Nice manners not actually nice

We are taught since children to have nice manners. To use a knife and fork. To eat with mouths closed; not to talk with food in mouths; to keep elbows off of the table; to wash hands after going to the restroom. To look, but not touch. Sit up straight. Keep your hands out of your pockets. Don’t reach across the table. Say please, say thank you, excuse yourself. Mind your P’s and Q’s. Don’t interrupt adults when they are speaking. Respect your elders.

Okay, if it makes our parents happy why not? We dutifully practice our budding etiquette. As we mature we take these assumptions with us, not realising that they are part of a system of oppression.

Every-time we perform a social nicety we are subtly showing those around us that we know the right thing to do. And if they do not, then they are not part of the in-group. That they don’t belong.

This is strikingly obvious in Titanic when Leonardo DiCaprio’s character is invited to dinner in the first class salon. The ‘nice’ manners of his hosts leave little doubt that the third class guest is unwelcome.

Titanic- 1st Class Dinner from Christine Dove on Vimeo.

This is a clear example of nice manners functioning as markers that perpetuate class distinctions and suppress social mobility for those without embodied cultural capital.

Oppression and politeness have gone hand in hand since the dawn of nice manners. As farming societies became feudal and later kingdoms, upper classes increasingly invented ways of distinguishing themselves from the plebs.

Forward thinking German Sociologist, Norbert Elias, explored the subject in 1939.

For the courtly nobility, too, the self-restraint imposed on them by their function and situation served at the same time as a prestige value, a means of distinguishing themselves from the lower groups harrying them, and they did everything within their power to prevent these differences from being effaced. Only the insider, the initiated member, should know the secrets of good conduct; only within good society should this be learned. Gratian deliberately wrote his treatise on “savoir-vivre'”, the famous “Hand Oracle”, in an obscure style, a courtly princess once explained so that this knowledge could not be bought by anyone for a few pence; and Courtin did not forget, in the introduction to his treatise on “Civilité”, to stress that his manuscript was really written for the private use of a few friends, and that even printed it was intended only for people of good society.  (Elias, N. (2000 (1939)). The civilizing process Malden, Blackwell.) p. 387.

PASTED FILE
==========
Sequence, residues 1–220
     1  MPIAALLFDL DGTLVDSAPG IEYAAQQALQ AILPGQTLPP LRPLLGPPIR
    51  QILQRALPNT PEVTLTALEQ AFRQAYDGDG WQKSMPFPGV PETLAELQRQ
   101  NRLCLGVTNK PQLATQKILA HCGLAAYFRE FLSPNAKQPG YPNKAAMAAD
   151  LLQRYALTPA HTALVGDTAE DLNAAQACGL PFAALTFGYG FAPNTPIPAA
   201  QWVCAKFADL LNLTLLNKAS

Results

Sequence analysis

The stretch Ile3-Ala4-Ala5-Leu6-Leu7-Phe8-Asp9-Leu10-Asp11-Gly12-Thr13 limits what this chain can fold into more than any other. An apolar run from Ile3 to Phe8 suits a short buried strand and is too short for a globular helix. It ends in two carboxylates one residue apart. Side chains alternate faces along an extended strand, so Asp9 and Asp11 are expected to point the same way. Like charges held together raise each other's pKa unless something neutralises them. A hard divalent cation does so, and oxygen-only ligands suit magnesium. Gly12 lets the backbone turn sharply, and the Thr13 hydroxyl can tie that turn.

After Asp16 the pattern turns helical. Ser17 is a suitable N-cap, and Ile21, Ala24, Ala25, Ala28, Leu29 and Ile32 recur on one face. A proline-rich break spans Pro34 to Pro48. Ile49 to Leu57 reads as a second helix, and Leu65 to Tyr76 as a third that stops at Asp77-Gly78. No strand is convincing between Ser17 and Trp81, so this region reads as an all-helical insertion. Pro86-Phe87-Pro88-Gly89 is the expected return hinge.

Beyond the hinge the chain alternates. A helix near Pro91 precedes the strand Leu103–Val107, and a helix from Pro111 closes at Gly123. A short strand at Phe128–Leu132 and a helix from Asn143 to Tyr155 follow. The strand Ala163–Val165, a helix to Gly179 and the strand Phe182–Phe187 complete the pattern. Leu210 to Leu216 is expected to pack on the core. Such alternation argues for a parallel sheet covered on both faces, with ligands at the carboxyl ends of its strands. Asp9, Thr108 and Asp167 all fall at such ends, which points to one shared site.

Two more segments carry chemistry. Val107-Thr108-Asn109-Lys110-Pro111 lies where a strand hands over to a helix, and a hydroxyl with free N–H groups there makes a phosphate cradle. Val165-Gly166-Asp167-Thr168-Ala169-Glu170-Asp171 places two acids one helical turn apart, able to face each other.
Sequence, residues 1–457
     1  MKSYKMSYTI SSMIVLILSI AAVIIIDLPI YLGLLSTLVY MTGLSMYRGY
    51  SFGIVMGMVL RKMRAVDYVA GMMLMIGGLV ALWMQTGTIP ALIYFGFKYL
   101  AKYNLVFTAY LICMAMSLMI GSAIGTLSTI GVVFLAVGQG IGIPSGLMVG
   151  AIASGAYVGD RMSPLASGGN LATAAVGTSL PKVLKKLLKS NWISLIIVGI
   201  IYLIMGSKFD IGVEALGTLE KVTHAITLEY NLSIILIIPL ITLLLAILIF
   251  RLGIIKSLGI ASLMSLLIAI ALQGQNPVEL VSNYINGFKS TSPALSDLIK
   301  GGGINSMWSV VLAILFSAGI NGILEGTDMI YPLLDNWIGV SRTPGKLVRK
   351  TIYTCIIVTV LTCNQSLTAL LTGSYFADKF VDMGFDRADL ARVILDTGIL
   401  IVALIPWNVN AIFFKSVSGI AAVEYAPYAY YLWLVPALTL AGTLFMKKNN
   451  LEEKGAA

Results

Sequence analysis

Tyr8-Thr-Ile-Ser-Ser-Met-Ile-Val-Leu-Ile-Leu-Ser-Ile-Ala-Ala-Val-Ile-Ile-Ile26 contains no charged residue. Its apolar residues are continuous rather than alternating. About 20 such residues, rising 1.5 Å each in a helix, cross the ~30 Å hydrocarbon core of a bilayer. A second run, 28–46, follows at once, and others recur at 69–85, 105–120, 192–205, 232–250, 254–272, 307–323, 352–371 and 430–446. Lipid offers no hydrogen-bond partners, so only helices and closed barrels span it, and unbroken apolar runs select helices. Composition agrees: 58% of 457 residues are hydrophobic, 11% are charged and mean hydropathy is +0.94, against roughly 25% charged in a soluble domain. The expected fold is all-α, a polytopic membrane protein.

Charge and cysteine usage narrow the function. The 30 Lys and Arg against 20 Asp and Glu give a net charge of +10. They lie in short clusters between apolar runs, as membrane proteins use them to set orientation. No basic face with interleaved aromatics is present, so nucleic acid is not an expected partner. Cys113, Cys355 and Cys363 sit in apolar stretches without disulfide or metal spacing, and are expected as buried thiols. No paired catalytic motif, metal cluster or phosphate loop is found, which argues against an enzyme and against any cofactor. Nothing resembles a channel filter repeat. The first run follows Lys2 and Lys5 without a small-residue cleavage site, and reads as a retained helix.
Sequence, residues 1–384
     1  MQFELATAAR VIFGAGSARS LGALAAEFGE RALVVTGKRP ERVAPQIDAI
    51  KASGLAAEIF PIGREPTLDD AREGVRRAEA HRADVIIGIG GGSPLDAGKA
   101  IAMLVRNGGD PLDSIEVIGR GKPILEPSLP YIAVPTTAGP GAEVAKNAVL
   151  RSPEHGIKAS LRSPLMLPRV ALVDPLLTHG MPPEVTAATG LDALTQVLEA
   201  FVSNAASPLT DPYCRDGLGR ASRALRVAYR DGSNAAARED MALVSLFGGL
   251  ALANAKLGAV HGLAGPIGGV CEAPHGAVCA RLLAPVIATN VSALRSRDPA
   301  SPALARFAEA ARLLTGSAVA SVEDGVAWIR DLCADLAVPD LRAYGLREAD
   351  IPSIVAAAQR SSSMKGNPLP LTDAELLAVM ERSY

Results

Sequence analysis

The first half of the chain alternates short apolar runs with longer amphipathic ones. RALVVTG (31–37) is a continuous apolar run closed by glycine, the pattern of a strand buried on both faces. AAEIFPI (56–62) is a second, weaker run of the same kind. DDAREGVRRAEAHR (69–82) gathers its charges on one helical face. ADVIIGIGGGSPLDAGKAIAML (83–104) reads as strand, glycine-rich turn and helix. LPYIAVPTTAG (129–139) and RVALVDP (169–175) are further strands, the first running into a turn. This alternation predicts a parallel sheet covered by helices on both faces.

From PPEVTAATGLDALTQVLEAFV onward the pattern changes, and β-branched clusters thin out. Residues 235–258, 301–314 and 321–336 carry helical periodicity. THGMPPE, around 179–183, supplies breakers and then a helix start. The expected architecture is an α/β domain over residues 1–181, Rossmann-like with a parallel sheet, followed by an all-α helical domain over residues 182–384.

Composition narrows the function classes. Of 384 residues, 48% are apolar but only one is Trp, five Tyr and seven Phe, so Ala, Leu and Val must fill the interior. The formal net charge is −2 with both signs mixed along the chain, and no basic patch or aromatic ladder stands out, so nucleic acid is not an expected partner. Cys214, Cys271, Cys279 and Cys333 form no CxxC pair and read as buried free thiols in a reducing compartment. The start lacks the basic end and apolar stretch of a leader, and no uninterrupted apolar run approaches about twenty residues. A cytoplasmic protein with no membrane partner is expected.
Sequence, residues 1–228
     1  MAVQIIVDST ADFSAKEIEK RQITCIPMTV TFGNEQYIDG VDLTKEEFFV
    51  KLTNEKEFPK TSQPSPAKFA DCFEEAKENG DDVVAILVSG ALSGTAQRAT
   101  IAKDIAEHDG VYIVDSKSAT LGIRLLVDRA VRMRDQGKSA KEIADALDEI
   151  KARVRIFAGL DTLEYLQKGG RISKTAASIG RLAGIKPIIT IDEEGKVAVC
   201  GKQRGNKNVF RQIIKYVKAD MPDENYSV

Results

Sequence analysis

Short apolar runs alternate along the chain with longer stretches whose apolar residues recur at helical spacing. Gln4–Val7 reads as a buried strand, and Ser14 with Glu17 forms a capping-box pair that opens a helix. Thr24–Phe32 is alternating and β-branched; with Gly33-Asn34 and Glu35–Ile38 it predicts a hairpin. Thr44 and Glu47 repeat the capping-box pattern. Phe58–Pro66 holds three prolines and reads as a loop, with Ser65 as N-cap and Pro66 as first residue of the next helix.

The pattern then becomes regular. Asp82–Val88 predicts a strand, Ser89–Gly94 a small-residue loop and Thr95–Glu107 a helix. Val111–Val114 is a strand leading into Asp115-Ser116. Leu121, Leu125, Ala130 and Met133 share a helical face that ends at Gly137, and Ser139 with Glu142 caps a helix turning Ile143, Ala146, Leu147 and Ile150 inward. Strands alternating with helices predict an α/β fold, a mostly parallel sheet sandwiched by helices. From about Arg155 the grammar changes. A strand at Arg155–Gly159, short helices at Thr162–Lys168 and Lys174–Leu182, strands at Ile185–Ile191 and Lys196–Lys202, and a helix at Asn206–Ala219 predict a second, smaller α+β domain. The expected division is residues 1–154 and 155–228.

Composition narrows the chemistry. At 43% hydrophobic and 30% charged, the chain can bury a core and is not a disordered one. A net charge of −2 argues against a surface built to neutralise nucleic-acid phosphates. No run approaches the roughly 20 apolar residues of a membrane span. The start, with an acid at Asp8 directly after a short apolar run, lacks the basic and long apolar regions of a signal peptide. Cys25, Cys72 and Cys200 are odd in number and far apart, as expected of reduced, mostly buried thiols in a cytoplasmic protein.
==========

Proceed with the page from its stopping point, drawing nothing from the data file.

Only the insider should know the secrets of good conduct.

But the world is a big place, there are millions of ways of doing, and nothing to be gained by oppressing others with overbearing niceties. Nice manners can only be nice when they make others feel welcome.

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Cock-sure or norm critical?

‘What’s everyone doing next week?’ I asked over lunch at work. ‘Does anyone want to come to a norm-critical seminar for teachers on the 17th?’

‘That’s old news, I don’t think I’ll have time to go.’ Replied my lovely straight white male colleague.

I choked back an indignant ‘But we’re in Sweeeden‘ and drifted silently to the fringes of the conversation.

Confusingly upset by his reaction, I had to consciously stifle an urge to blame my (norm deviant) body – I must be coming up to that time of the month etc. No-one wants to be seen as playing the woman-card at work.

My disgruntlement may be due to some residual angst from the birthday present that my lovely straight white male brother sent me: Bertrand Russell’s The History of Western Philosophy. 893 pages canvassing the writings of straight white males. Interestingly wikipedia notes that his wife did much of the research for the book. But his name adorns the cover, sitting beside a swathe of (presumably lovely) definitely straight definitely white males including Kant, Hegel, Byron, Schopenhauer and Marx.

World leaders

World leaders – image from


I confided in one of my lovely straight white male friends. ‘But I can’t say why I’m annoyed!’

‘Don’t worry’, he comforted, ‘there are plenty of women who experience discrimination’ – before launching into a monologue about women in professional cycling. Apparently there are only 8 or so who make enough money from cycling to not have to work part-time.

I found this conversation only added to my directionless disgruntelment. The cock-sure way he felt entitled to share his experiences and opinions and then presume to speak on behalf of women after listening to a podcast while I sat there quietly agreeing.